The church is sanctioned by the state to officiate a marriage ceremony. The rites the church use to do that are not.
try to make some old homophobe marry them
more likely to be someone reflecting an organisation's stance than a personal one
The Catholic priest who married two of my friends was terrible. Banged on about church dogma and even had a rant about the evils of same-sex marriage.
Yup, I heard a lot of "blah blah, holy, blah blah, sacrament, blah blah, God" at my wedding. But I wasn't refused, despite being at the atheist end of agnostic. He wasn't warm to me either, but he was even more of a grumpy old bugger to the devout Catholics, speaking harshly during the rehearsal to some of them for appearing to enjoy themselves. I presumed that was just how things went down in their church. Couldn't see the appeal myself, but it was important to my wife. The venue was pretty, and free, which was handy, since it was an expensive time of my life.
In the Catholic Church the sacrament (ie. the ritual) is marriage. Whether the State recognises it or not isn’t the point
Oddly enough, Tess, it’s a point the Catholic Church is vocally disinclined to grant to anyone else. The hierarchy has a hell of a lot to say about civil marriage it doesn’t recognize for anyone – and, as Megan linked to, where teh gayz are concerned in the most floridly grotesque language.
Seems to me that a dog collar doesn’t give you a divine right to have it both ways. It certainly doesn’t give you the right to demand special deference in the public square.
BTW, I’ll be damned if I can figure out how my parents got married in a Catholic Church considering my father was an Anglican – and remained one the rest of his life. (Though he also made it perfectly clear that it was a matter of total indiference if any children were raised Catholic. And here I am.) The priest was a family friend, and I gather my grandparents made it quite clear that any nonsense about the groom’s race, religion or age would not be well received. Let’s just say, Nanna and Poppy made a downright terrifying tag-team when required.
Yes that's true, but the sacrament is more real than a human legal construct. If you believe in God then He is a higher authority than the State. It's called "the sacrament of marriage" not a "sacrament of a wedding".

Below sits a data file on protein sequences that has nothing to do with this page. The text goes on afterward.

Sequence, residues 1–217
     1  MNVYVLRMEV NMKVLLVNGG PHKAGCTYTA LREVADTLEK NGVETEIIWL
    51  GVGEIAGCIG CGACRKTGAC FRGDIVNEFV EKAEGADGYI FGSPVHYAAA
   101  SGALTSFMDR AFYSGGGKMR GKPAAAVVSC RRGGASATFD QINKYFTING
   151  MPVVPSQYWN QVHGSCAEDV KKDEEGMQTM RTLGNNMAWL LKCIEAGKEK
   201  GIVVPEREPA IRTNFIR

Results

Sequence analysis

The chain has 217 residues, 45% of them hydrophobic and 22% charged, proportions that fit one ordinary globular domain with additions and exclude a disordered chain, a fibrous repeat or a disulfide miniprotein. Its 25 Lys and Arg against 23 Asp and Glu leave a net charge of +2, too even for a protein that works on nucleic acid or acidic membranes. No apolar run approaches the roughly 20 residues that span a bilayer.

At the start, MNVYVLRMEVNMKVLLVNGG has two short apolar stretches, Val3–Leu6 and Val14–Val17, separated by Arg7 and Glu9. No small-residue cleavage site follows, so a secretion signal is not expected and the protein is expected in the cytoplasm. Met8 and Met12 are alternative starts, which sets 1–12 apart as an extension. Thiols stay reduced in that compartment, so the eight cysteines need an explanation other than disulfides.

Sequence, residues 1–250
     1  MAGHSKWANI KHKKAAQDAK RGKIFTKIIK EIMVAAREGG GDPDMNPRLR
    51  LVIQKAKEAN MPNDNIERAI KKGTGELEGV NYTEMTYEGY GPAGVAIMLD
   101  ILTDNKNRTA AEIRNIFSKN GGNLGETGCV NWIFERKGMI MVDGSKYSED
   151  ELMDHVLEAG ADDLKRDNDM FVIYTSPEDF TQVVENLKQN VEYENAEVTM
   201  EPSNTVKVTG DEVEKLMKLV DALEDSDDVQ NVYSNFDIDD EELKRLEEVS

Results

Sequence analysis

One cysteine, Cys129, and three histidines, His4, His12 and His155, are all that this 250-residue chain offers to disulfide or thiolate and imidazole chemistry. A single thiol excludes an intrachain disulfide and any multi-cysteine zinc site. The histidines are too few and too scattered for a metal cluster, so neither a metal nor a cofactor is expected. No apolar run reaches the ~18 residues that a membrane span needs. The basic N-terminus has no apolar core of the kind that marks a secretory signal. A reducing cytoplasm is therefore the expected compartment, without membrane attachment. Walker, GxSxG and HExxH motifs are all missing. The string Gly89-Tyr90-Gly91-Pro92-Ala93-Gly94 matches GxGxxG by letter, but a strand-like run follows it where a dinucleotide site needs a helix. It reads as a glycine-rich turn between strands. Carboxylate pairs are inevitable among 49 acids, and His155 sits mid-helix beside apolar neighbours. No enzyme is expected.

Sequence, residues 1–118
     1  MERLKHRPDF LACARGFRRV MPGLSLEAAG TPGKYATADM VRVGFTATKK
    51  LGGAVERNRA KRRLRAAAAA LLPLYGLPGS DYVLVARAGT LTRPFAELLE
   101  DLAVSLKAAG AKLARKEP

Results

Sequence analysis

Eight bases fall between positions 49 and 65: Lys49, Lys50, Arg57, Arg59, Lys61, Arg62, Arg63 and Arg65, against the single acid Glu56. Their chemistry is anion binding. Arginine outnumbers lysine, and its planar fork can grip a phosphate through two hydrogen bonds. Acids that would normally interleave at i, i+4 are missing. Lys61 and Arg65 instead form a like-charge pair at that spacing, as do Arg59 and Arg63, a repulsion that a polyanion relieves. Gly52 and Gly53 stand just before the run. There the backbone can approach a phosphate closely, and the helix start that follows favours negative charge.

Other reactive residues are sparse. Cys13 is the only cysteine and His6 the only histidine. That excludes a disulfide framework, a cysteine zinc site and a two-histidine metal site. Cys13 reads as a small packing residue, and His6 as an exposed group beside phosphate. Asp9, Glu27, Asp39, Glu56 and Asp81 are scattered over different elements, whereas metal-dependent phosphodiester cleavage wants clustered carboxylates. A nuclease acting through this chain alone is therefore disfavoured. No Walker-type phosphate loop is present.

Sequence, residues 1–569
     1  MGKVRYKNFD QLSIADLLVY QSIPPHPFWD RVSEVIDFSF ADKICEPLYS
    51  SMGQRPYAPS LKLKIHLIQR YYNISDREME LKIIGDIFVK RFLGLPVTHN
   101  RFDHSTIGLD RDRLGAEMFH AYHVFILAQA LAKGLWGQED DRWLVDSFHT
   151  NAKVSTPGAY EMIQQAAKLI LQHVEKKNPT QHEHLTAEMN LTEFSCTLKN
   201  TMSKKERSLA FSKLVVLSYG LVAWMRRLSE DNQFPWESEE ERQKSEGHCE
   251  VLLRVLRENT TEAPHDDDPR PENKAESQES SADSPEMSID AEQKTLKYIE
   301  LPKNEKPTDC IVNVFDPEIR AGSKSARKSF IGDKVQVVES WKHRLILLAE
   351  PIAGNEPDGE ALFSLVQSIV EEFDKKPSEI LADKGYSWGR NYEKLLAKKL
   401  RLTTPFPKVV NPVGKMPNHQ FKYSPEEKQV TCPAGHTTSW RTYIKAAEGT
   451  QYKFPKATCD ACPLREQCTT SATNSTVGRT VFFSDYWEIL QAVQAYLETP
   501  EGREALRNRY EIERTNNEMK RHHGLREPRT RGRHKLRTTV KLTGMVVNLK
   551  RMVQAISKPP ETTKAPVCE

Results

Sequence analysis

The sacrament is far older than our State.
The sacrament is far older than our State
And pair-bonding rituals are a hell of a lot older than Christianity. Not that older necessarily means better. Slavery is older than emancipation.
the sacrament is more real than a human legal construct
…to you . To me, what’s real is the people and their relationship. But the secular state only deals in the legal construct. Laws tell us what we can do, not how to feel about it.
The hierarchy has a hell of a lot to say about civil marriage it doesn’t recognize for anyone
Re: not recognizing civil marriage - that is absolutely not true.
The Church recognizes it for what it is, a civil secular marriage. What the Church does not do is call a civil secular marriage a Sacrament where the man and woman become one flesh because of God (and thus they can not be divorced). That's why Kidman could marry again in a church because her first marriage was not Sacramental.
Marriage as an institution was created by God for humanity when Creation began. That the State recognizes it is just a reflection of the genuine truth of marriage. Other religions tap into this divine truth when they perform marriage.
Now I acknowledge that many people disagree with the above paragraph, but I think it is factually true. Marriage is traditionally how we build family and the family is the base cell of society. Now I'm not talking Mum, Dad and the 2.4 kids, but I am talking about kinship bonds created through marriage and birth. It's both biological and relational. My mother (who lives with us) is related by blood through her grandchildren to my husband's family. Marriage creates family bonds. When God unites a man and a woman in Sacramental marriage the family bond is permanent.
What I think is that the State should get out of the marriage business completely. Our society is forming families freely with many people coming together for a while and then breaking up again, some marrying and some not. Many parents aren't married at all and marriage is no longer a social requirement for sex and children legitimized by society.